MEXICO CITY, March 21 (Reuters) - Shares of top Mexican broadcaster Televisa fell on Thursday ahead of an expected vote on a sweeping telecommunications bill that could threaten its market position, while Carlos Slim’s flagship phone company clawed back ground from a recent fall.
Later on Thursday, the lower house of Congress is expected to vote on the bill, which has been hailed as the biggest planned shakeup of the closed telecoms industry in decades. If it is passed, the bill then heads to the Senate.
Televisa shares fell 1.7 percent to 64 pesos in early trading. The stock had risen on Wednesday, helped by speculation that lawmakers could soften proposed regulations affecting the company’s pay TV business. That is now in doubt.
Meanwhile, shares of Slim’s America Movil rose as they continued a recovery from their lowest price in about four years. The stock was hit by concerns that the bill could undermine Slim’s dominance of Mexico’s phone and Internet data markets.
America Movil shares rose 1.52 percent to 12.01 pesos. The stock has lost about a fifth of its value this year due to weak earnings and the threat of tougher regulation.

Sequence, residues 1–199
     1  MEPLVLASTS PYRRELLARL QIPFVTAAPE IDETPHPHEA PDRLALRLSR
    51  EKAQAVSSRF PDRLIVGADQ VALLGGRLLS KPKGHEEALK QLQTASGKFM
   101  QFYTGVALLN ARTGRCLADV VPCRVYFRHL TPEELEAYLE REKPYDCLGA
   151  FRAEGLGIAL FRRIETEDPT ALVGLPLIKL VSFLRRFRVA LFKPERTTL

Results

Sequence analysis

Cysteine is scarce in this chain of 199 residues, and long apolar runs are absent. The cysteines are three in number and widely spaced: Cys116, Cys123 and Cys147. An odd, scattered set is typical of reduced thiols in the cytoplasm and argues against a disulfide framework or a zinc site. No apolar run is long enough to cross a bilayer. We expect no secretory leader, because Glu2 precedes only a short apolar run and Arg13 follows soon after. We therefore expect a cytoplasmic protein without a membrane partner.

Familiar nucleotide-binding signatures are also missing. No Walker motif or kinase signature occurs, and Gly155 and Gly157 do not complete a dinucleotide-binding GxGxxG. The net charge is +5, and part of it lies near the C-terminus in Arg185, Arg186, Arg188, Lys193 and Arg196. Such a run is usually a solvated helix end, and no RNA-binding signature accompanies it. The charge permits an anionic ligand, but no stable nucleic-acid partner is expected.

With the bill it presented on March 11, the government is trying to boost competition in the telecoms sector by increasing foreign investment and giving regulators the power to force companies with a market share above 50 percent to sell assets.
Slim, the world’s richest man, controls about 70 percent of the Mexican mobile phone market and roughly 80 percent of the fixed line business through America Movil. Televisa has about 60 percent of the broadcast market.
Shares of America Movil have fallen by about 12 percent, and Televisa stock is down by about 6 percent since March 8, the last market close before President Enrique Pena Nieto unveiled the bill. (Reporting by Michael O‘Boyle; Editing by Lisa Von Ahn)